Study Shows Racial Disparity In Life Sentencing

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From BlackAmericaWeb

More than two-thirds of the people serving life without parole in state and federal prisons are minorities, and three-fourths of the juveniles locked away for life are minorities, most of them black, according to a study released Wednesday by The Sentencing Project based in Washington, D.C.

The numbers reflect startling disparities in America’s justice and prison systems, the report’s authors said. They hope extensive research presented in “No Exit: The Expanding Use of Life Sentences in America” will help lead to change.

“We know that because there is a disparate representation of blacks in the prison population, they are also disproportionately represented among those receiving life sentences and life sentences without the possibility of parole,” said Ashley Nellis, one of the authors of “No Exit.”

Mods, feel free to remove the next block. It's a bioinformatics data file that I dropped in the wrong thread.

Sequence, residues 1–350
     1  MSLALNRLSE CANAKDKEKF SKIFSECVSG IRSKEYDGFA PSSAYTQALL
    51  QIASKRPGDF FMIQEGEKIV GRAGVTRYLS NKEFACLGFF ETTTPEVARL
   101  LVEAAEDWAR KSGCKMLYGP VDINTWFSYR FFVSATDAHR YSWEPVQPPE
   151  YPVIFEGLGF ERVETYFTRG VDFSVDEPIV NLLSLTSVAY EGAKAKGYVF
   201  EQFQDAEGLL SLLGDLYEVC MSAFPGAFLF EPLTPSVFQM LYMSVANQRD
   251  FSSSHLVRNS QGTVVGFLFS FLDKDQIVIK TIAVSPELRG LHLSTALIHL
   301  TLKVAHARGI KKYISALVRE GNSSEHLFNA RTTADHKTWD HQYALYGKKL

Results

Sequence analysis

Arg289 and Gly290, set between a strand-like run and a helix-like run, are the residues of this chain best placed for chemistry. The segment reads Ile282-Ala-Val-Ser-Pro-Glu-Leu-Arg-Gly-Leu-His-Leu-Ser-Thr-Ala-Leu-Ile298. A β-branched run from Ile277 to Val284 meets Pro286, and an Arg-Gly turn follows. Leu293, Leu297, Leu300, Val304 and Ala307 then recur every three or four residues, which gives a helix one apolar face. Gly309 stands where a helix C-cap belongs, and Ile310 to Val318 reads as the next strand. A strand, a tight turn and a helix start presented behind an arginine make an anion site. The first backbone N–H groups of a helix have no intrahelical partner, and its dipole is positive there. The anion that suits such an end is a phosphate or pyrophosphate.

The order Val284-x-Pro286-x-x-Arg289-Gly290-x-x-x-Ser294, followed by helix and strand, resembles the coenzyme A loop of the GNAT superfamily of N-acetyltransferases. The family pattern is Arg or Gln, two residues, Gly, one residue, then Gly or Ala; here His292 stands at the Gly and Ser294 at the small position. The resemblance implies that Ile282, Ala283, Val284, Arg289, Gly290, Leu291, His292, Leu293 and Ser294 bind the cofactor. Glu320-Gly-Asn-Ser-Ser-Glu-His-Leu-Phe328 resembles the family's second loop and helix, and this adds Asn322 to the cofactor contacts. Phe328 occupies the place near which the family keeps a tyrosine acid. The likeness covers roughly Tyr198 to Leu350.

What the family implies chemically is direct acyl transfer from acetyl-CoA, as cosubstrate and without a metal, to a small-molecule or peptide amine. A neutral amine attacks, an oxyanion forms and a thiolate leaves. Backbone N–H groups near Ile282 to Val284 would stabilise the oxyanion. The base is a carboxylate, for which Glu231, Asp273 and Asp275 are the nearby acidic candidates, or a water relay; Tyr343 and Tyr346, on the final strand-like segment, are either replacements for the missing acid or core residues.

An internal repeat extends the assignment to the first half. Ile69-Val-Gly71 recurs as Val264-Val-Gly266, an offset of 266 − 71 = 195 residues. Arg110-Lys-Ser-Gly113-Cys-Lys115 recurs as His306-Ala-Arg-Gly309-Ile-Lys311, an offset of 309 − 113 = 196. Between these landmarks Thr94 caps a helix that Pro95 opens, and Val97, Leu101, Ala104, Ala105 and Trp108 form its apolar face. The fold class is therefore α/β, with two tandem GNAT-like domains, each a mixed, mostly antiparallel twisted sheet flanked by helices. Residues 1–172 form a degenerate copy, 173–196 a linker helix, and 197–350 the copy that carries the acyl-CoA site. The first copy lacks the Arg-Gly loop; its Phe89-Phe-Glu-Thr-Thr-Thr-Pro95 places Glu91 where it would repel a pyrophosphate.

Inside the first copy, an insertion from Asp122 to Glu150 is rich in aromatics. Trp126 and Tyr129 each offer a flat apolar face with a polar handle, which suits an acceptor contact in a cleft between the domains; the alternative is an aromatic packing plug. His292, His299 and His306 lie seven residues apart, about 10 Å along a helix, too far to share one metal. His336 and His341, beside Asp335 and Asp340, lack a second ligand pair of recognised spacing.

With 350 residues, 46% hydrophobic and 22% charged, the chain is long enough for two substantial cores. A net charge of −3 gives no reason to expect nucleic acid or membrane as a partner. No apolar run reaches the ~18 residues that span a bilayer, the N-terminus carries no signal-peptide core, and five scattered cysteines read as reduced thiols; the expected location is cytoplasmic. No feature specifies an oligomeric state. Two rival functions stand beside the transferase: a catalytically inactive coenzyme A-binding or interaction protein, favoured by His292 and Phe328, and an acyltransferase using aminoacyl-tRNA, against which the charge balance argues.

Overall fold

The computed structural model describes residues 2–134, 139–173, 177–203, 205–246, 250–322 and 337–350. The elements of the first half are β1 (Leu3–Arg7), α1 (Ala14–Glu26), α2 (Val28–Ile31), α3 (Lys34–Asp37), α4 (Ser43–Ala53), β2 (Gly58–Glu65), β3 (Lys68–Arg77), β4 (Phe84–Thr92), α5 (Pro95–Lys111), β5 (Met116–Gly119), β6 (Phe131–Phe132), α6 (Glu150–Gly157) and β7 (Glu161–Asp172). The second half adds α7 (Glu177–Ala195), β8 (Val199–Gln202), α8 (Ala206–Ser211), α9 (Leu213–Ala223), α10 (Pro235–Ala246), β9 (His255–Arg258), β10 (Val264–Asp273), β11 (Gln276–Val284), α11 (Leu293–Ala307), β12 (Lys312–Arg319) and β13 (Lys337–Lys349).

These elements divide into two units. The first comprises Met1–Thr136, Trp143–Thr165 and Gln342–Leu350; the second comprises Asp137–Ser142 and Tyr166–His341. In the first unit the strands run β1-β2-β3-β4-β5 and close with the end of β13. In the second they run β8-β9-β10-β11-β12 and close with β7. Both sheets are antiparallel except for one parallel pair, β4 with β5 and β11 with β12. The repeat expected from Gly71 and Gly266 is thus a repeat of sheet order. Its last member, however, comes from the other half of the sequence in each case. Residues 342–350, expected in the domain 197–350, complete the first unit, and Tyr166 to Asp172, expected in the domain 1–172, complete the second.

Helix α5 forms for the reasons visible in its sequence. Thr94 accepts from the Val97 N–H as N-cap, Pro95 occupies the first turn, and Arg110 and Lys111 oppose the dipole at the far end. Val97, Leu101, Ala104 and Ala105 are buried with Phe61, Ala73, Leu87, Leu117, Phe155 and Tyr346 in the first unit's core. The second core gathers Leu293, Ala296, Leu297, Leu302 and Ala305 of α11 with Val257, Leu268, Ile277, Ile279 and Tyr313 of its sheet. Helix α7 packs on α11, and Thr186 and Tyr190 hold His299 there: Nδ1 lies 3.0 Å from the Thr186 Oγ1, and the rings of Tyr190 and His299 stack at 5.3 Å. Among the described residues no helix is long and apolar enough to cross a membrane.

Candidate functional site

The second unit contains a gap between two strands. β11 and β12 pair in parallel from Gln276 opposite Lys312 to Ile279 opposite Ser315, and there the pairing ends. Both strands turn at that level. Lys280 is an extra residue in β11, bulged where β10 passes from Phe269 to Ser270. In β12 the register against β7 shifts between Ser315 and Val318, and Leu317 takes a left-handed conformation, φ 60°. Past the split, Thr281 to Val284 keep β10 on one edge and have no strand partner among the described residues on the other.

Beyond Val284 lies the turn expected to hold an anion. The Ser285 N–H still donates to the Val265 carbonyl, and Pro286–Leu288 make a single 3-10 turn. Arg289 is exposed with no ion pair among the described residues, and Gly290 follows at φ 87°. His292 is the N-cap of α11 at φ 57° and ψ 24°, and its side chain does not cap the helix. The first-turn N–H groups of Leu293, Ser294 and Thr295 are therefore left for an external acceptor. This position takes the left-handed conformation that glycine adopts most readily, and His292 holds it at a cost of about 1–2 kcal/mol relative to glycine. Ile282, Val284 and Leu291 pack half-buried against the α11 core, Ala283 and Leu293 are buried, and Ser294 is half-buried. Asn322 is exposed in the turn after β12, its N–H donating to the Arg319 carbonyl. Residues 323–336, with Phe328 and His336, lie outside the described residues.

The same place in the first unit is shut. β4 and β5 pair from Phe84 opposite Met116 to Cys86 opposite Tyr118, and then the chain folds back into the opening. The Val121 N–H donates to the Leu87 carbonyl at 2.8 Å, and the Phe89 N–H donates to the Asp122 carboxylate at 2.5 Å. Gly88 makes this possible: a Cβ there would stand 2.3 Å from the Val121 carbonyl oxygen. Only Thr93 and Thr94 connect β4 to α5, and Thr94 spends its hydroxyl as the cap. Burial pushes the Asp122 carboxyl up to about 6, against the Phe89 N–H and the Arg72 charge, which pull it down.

Blacks comprise 12 percent of the general population in America, but represent 28 percent of total arrests and 38 percent of persons convicted of a felony in a state court and in state prison, the report stated.

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